By Laura Lesley
Two University of Alabama at Birmingham School of Nursing graduate students have been selected by the Alabama Schweitzer Fellowship to its 2018-19 class. Shannon Polson, MSN, RN, CNL, CWCN, NEA-BC, LICSW, and Shivangi Argade, BSN, RN, both UAB School of Nursing alumni, are two of 11 graduate students from UAB named to this honor.
As Schweitzer Fellows, Argade and Polson will spend the next year learning to effectively address the social factors that impact health and developing lifelong leadership skills while following the example set by the famed physician-humanitarian for whom their fellowships are named. They also will develop and implement service projects to address the root causes of health disparities in under-resourced communities.
Polson is partnering with Samford University McWhorter School of Pharmacy student and Schweitzer Fellow Meg Boothe to provide health and mental health crisis referrals to clients of the South Highlands Mental Health Outreach Project (SHOP). SHOP is a program of South Highlands Presbyterian Church and provides support to help participants have a better quality of life.
Polson and Booth also are partnering to develop a strategic plan for a future dual integrated care clinic to service medically uninsured/underinsured persons with mental health diagnoses.
“Our goal is for all SHOP clients to have a medical home for primary care and psychiatry, and a designated home pharmacy for medication management. That way, they will have one pharmacist, one primary care provider, and one mental health provider only overseeing their treatment,” said Polson. “In developing the future dual integrated care clinic, my area of expertise will be helping with regulatory and administrative guidelines.”
“I am so excited about this project because I have enjoyed working with SHOP for the past four and a half years. The program recently celebrated its 30-year anniversary, is fully sustained by volunteers, and its model has been so successful that it has been replicated numerous times nationwide.”
Polson is an instructor at the UAB School of Nursing and earned her Master of Science in Nursing (MSN) degree from the UAB School of Nursing in 2011. She is currently enrolled in the School’s Doctor of Nursing Practice (DNP) program.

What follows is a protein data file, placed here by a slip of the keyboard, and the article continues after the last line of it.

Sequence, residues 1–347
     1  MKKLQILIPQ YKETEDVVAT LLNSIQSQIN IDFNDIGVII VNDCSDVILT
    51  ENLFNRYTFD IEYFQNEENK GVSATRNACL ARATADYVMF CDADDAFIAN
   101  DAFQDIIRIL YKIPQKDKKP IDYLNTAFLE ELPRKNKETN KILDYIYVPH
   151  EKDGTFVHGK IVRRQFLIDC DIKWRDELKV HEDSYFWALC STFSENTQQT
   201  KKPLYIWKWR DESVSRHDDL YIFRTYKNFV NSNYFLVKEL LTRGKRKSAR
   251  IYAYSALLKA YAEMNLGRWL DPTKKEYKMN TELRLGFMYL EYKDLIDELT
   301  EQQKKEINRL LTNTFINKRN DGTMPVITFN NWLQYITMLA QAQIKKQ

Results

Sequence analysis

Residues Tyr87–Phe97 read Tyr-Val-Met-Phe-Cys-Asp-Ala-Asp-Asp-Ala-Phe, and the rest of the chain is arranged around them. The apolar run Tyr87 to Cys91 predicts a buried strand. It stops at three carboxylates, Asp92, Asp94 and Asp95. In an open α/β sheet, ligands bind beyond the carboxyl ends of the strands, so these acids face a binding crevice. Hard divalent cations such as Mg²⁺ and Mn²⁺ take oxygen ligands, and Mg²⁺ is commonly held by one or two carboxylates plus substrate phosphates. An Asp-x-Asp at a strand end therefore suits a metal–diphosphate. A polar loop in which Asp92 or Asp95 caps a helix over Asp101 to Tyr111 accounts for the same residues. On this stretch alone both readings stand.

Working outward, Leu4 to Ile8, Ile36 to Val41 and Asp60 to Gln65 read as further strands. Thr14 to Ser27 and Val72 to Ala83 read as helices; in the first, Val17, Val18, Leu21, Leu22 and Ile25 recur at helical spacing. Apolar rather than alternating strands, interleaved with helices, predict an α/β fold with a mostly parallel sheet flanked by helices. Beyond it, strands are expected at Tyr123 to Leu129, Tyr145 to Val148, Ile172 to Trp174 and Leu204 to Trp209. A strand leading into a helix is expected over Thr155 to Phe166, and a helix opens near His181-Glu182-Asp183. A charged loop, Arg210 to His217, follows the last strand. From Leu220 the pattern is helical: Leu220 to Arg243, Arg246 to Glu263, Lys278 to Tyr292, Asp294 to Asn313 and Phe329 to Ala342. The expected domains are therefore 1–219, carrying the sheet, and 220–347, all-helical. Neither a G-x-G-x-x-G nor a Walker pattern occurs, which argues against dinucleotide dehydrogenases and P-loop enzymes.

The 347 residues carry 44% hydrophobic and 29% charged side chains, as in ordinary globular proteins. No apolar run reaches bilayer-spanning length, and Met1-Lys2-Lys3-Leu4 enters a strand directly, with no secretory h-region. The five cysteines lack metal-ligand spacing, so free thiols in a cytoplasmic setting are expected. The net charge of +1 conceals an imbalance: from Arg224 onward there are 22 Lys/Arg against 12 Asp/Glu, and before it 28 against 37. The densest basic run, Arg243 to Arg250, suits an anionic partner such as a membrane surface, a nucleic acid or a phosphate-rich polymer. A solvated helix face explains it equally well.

Argade will be addressing cardiac arrest emergency preparedness in Alabama public schools by reinforcing CPR and automated external defibrillator teaching to school staff.
“My community partner is Alabama LifeStart, a program through Children’s of Alabama that addresses the need for AEDs in Alabama public schools. My goal for the project is to have 20 out of 25 schools in Birmingham and surrounding areas participate in the Alabama LifeStart program and become certified as Heart Safe Schools, which would positively impact the lives of approximately 16,000 students and staff.”
Argade works as a registered nurse in the Cardiac Care Unit at Children’s of Alabama and is cross-trained in the Cardiac Intensive Care Unit.
“I regularly take care of patients who were admitted due to cardiac arrest, and on many occasions the child’s outcome is not as successful as it could have been if there had been someone on the scene when their cardiac arrest occurred who could initiate the appropriate steps in order to minimize the resulting damage from the arrest,” she said.
“My background in cardiac care and personally taking care of children with cardiac diagnoses is what struck my interest in working with Alabama LifeStart for my Schweitzer project.”
Argade earned her Bachelor of Science in Nursing (BSN) degree from the UAB School of Nursing in 2016 and is currently enrolled in the School’s MSN program.
“We are extremely proud of our class of Schweitzer Fellows,” said Kristin Boggs, director of the Alabama chapter of The Albert Schweitzer Fellowship.
“There was a great interest in the program, and we are excited to see what our talented students accomplish over the next 12 months. We are confident that the Alabama Schweitzer program will make a lasting impact on the health of communities in and around Birmingham, as our Fellows first learn to serve and support vulnerable people in living healthier lives, and then take those skills with them as they establish themselves professionally as leaders in their fields.”